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Thread: OT: Ladder lift or hoist for shingles or other items

  1. #1
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    Lightbulb OT: Ladder lift or hoist for shingles or other items

    It's about time to haul 6 or 7 bundles of shingles up onto the porch roof to finish the roofing job. They are about 80-100 pounds each and more than I can handle, and it would also be a back-breaking job for my friend who is doing the work. So I thought I might build a dolly that can ride on the rails of my 32 foot extension ladder.





    Some short video clips:

    http://enginuitysystems.com/pix/hous..._Lift_5403.AVI

    http://enginuitysystems.com/pix/hous..._Lift_5404.AVI

    We will be moving the shingles in the next couple of days, and I'll probably make a YouTube video with more details.

    ====================================

    There are several YouTube videos of other ideas.

    https://www.youtube.com/watch?v=5SGR9VShNg0

    https://www.youtube.com/watch?v=fDdrs2yFIU0

    Commercially available lifts are $1000 and up.

    https://www.youtube.com/watch?v=KlBV5mpOLJ4

    Here is an invention for using a drill to extend a ladder. Probably not really needed...

    https://www.youtube.com/watch?v=ciVsTH2FxfU

  2. #2
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    There was a video on the internets of a group of guys using a simple lever on a pivot to quickly get shingles up on the roof. One guy would attach the shingles to the end of the lever, other guy push down on his end of the lever and pivot the end to the roof line, another guy on the roof detached the shingles. Took all of maybe 3 seconds to get a bundle on the roof.

    It was a 3rd world country kind of video, seemingly impossible to find again.
    Andy

  3. #3
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    Paul--That's a great idea. I like it.---Brian
    Brian Rupnow

  4. #4
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    Quote Originally Posted by PStechPaul View Post
    They are about 80-100 pounds each and more than I can handle, and it would also be a back-breaking job for my friend who is doing the work.
    nice solution. I can remember doing that as a kid, one of the those 'better stay in school' jobs. Nice to flash back to a memory like that, but I hear you, no more shingle bundles for this guy either.
    .

  5. #5
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    I did it the hard way 13 years ago, when I was a young man of 53.... on my shoulder straight up the sides of 3 high scaffold sections, about 40 bundles over a week. Next time I'll pay for rooftop placement, 'cos if it lasts the 30 year rating, I'll be 83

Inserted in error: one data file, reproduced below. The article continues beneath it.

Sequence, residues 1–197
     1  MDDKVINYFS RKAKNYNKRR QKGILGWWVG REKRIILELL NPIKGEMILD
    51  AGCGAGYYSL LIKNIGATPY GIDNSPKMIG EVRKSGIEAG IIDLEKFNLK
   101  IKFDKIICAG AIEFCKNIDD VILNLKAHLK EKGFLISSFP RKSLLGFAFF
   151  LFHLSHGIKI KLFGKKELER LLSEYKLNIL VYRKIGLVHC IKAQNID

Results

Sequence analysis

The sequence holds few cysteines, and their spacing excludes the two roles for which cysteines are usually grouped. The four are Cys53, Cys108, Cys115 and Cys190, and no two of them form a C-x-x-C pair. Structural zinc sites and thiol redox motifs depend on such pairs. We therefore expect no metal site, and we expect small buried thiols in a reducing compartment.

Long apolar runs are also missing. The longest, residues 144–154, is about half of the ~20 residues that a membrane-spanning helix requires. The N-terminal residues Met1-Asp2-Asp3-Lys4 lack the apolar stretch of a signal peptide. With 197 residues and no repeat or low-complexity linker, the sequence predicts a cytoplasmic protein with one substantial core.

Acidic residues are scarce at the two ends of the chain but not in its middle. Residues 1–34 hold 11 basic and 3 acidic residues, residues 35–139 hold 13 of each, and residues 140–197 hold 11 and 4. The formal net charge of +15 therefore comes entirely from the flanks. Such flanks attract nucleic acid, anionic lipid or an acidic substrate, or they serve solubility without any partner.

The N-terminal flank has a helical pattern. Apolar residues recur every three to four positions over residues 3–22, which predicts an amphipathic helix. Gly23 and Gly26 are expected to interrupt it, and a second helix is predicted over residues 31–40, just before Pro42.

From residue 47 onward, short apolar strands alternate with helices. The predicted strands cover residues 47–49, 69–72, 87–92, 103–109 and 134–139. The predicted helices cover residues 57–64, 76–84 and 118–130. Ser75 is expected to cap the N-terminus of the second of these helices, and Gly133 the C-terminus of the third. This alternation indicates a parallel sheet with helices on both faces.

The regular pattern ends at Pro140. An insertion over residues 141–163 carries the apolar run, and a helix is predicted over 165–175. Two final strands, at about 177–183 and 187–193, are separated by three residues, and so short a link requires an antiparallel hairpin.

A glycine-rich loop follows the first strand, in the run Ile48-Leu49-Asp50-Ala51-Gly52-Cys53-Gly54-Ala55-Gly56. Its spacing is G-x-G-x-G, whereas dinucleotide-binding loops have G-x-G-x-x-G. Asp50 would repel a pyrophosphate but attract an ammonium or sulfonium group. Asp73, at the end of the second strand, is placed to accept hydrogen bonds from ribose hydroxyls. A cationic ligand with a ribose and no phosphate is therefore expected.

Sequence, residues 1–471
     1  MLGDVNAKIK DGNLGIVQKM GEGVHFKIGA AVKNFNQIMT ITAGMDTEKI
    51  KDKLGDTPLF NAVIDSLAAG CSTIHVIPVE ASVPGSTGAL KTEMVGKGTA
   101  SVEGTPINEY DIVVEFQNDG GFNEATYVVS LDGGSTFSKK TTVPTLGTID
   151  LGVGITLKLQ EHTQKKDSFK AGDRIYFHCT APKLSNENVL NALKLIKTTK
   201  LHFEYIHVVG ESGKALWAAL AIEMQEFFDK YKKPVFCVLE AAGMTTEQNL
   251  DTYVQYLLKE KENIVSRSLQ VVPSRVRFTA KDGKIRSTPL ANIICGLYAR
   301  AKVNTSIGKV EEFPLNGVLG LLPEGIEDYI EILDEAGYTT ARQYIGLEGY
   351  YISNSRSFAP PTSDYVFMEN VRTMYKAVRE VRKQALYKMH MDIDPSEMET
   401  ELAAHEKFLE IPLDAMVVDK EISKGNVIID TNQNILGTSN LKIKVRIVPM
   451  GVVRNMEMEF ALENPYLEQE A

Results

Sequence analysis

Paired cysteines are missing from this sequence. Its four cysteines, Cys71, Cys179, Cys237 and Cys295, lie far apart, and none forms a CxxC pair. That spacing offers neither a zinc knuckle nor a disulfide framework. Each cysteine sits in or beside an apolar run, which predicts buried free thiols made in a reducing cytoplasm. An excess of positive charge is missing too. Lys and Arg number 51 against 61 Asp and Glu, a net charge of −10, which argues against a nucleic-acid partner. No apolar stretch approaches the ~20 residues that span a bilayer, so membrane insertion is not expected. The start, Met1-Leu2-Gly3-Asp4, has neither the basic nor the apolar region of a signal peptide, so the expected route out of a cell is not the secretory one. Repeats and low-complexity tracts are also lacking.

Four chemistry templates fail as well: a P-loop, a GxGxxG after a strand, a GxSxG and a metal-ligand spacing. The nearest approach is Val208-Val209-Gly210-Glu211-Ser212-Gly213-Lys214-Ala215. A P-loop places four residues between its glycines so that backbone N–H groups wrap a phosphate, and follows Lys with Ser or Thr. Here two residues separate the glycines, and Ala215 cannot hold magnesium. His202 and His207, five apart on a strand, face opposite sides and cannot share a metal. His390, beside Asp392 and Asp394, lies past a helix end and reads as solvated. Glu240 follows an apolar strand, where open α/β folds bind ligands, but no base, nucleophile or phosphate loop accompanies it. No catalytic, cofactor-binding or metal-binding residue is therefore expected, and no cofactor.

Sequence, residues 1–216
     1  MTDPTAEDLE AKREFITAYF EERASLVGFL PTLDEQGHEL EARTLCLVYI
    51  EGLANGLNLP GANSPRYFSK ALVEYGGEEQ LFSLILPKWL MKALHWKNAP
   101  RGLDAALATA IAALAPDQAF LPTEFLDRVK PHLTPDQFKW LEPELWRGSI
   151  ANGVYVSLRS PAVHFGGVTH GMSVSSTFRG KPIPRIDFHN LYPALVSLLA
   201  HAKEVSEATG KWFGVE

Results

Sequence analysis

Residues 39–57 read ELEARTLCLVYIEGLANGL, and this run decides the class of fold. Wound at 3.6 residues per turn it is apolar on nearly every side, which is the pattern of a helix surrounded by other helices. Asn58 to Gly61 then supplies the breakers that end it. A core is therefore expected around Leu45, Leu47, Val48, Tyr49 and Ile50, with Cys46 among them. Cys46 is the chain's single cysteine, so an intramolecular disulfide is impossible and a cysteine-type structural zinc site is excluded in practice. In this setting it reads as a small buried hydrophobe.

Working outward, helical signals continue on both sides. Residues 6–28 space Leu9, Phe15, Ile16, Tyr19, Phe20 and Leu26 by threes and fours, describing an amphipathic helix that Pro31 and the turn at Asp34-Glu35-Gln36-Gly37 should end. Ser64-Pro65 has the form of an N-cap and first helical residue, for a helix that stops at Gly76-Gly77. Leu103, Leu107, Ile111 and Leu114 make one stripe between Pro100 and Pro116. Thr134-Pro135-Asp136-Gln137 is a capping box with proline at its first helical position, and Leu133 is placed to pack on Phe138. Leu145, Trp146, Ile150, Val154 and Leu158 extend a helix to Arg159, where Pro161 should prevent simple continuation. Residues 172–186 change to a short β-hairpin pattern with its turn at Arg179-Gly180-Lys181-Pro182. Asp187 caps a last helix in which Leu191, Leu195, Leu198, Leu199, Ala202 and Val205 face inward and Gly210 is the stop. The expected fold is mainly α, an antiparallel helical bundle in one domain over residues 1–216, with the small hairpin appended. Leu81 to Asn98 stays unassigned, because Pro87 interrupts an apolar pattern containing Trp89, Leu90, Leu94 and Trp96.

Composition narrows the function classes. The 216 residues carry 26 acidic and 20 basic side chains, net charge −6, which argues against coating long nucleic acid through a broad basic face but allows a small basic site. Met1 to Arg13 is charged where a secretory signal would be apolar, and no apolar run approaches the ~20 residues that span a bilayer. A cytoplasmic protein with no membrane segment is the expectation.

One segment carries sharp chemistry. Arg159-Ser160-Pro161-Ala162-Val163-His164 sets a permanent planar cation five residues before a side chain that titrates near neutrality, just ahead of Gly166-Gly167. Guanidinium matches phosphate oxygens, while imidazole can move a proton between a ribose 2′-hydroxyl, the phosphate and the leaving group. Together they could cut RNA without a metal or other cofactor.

6. #6
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    We had a power hoist when we did my roof last fall. Still had to run a couple bundles up the ladder on the shoulder though to finish it off. Not a job I'd want to do everyday, but not bad for a couple few bundles. I'm sure my view on that will be different when I have to do it again 20 years. I'll probably just lift my wallet for that one though.

  7. #7
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    Lady roofer did my roof. Split each bundle in half or thirds and carried them up in as needed.
    Don't forget ice and water shield.

    Let's see the DIY ladder lift work with an equivalent weight and at an appropriate angle. I don't think a Ryobi drill be be up to the task.

  8. #8
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    Bingo! Hate to be such a Luddite but a bundle weighs 75 lbs so you carry up half (38 lbs) over your shoulder at a time. By the time you built a shingle bundle carrier you could have all of them on the roof.

    Steve

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  10. #10
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    My buddy John had to work for his landlord this morning, and now it is starting to rain, which might continue for a couple days. At least the roofing felt is now down, but I noticed a problem:



    Apparently John has never done a hip roof, and I wasn't watching him closely as he installed the roofing felt. So now the choices may be:

    1. Add more felt on the sides, which will just make a double layer.
    2. Trim the edges along the hip line and remove the excess, and then
    2a. Re-use the trimmed pieces if possible, and/or
    2b: Cut new pieces for the sides

    The Ryobi drill is a fairly powerful 3-speed version, and the winch has a high ratio worm drive. But if it proves to have insufficient torque, I have a big 1/2" corded drill, or I can replace the hand crank.

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